Ammo Baba, who coached teams who won 18 tournaments and participated three times in the Olympic Games, said the punishment that Uday imposed on the players had destroyed their athletic abilities. Baba noted that half of the Iraqi athletes had left the country, and many of them pretended to be sick before the games against strong competitors. The famous coach, who was arrested several times but loved by Saddam, said that Uday had destroyed the national team, adding that they played worse after the arrest. Baba said he told his friends that if he died suddenly, they would know the reason. However, some people claim that these stories are exaggerated. Maad Ibrahim Hamid, assistant coach of the national football team, said that Uday was giving the players financial rewards for victory and threatening them with imprisonment in the event of defeat. Hamid said that the athletes were not subjected to torture, but some were arrested for immoral behaviors, including adultery and addiction to alcohol, as well as for playing poorly. Ahmed Radhi, one of the most famous football players in Iraq, said that after he was not willing to join the newly founded Al-Rasheed club, he was kidnapped at midnight by Uday's men, beaten and accused of harassment and then he accepted Uday's offer because of death threats. Another Iraqi international soccer player, Saad Qais, said that Uday was angry with him because he was expelled from the 1997 Iraqi team's game against Turkmenistan, the "discipline" operation was carried out by jailers known as "teachers" in a closed section of the famous Radwaniyah detention facility for athletes and journalists. He said, "Uday established the Rashid team and forced the best Iraqi players to play in it, and forced me to leave my beloved team, and he honored us with gifts after every win, but he also punished us after every loss."
Murder of Kamel Hana Gegeo
Although his status as Saddam's elder son made him Saddam's prospective successor, Uday fell out of favour with his father. In October 1988, at a party in honour of Suzanne Mubarak, wife of Egyptian President Hosni Mubarak, Uday murdered his father's personal valet and food taster, Kamel Hana Gegeo, possibly at the request of his mother. Before an assemblage of horrified guests, an intoxicated Uday bludgeoned Gegeo and repeatedly stabbed him with an electric carving knife. Gegeo had recently introduced Saddam to a younger woman, Samira Shahbandar, who had become Saddam's second wife in 1986. Uday considered his father's relationship with Shahbandar an insult to his mother. Shahbandar's oldest son fled to Jordan because of the harassment by Uday after the marriage. He also may have feared losing succession to Gegeo, whose loyalty to Saddam Hussein was unquestioned.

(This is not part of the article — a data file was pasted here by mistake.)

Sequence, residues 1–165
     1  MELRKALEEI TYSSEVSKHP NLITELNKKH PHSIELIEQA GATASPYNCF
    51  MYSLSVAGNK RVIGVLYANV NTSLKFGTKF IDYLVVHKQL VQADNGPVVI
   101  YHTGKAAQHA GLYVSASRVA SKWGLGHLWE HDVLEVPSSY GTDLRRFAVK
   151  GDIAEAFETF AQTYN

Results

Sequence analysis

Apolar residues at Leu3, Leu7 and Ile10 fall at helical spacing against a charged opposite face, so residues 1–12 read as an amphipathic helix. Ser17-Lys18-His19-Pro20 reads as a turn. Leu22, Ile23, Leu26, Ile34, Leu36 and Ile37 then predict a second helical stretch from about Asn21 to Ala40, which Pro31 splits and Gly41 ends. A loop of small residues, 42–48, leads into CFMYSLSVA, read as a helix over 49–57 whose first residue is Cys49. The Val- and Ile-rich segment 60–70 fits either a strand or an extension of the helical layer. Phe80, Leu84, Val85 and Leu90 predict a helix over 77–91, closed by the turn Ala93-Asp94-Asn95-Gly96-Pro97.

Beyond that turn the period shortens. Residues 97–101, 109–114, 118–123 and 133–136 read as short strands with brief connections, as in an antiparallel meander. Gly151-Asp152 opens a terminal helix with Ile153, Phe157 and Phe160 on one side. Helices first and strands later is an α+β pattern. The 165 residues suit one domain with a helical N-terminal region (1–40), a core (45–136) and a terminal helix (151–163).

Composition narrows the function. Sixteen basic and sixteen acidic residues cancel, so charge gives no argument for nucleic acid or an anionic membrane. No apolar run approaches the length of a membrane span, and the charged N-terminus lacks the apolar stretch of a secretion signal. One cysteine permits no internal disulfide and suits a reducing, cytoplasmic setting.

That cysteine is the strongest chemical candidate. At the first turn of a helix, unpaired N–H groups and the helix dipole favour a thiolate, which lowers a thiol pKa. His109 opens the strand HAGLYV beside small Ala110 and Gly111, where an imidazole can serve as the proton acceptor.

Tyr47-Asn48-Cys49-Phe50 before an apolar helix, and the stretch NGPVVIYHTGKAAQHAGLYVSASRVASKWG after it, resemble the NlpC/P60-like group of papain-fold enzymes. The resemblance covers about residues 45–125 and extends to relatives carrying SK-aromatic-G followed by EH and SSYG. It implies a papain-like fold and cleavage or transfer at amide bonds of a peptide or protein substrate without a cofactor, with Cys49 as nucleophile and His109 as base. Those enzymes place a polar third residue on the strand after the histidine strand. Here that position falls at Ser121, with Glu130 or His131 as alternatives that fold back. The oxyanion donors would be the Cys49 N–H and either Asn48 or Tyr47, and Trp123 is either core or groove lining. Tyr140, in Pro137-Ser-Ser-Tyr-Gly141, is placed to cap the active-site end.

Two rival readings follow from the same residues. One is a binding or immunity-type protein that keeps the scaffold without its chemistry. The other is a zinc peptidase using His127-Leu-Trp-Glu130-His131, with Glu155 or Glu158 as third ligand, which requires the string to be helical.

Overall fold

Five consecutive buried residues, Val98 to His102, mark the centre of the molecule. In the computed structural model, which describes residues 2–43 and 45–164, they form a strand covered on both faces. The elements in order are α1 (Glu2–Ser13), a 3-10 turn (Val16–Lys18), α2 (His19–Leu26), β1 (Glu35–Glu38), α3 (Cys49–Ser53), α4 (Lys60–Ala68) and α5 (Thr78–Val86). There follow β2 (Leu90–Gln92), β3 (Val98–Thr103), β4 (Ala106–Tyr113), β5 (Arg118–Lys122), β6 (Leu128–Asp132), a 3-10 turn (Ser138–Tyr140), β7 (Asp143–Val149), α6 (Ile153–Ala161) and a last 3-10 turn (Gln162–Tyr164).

As punishment for the murder, Saddam briefly imprisoned Uday, once released, Uday was sent to Switzerland to act as the assistant to the Iraqi ambassador there. Before being expelled by the Swiss government in 1990, after he was repeatedly arrested for fighting. According to Jalopnik website, Uday's vast car collections were burned by his father after the Kamel Hana Gegeo incident.
Others[who?] describe the murder as follows: Next to the palace where Suzanne Mubarak and Uday's mother were staying, Kamel Hana was celebrating the wedding of a relative and firing in the air, so Uday sent his men and asked them not to bother the two women. During the discussion, Uday hit Kamel's head with his walking stick, causing Kamel's death. Uday, afraid of his father's reaction, tried to commit suicide and was taken to the hospital. He escaped from the hospital, set up a barricade around his home, and fired at anyone trying to enter his home. He surrendered with the persuasion of his brother Qusay.
According to the memory of Uday's step-uncle Barzan, after escaping from the hospital, he went to his father's palace and told his father to "stay with your real wife". Then Saddam said to Barzan, "He was lucky because I had no weapon with me." But Uday later came to the door of the palace again and told Barzan that he intended to shoot his father. He fired at his brother Qusay and at step-uncles who were trying to prevent him from doing so. Later, under the guidance of Barzan, Uday apologized to his father. His father ordered him to surrender. When his brother-in-laws Hussein Kamel and Saddam Kamel learned that he was trying to escape to America, he was arrested on his father's orders, but released 3 weeks later. After the incident, Uday attacked 2 people whom he thought were informers. At the request of Saddam, he sent Uday out of Iraq under the control of Barzan to Switzerland in order to get rid of the disgrace caused by Uday.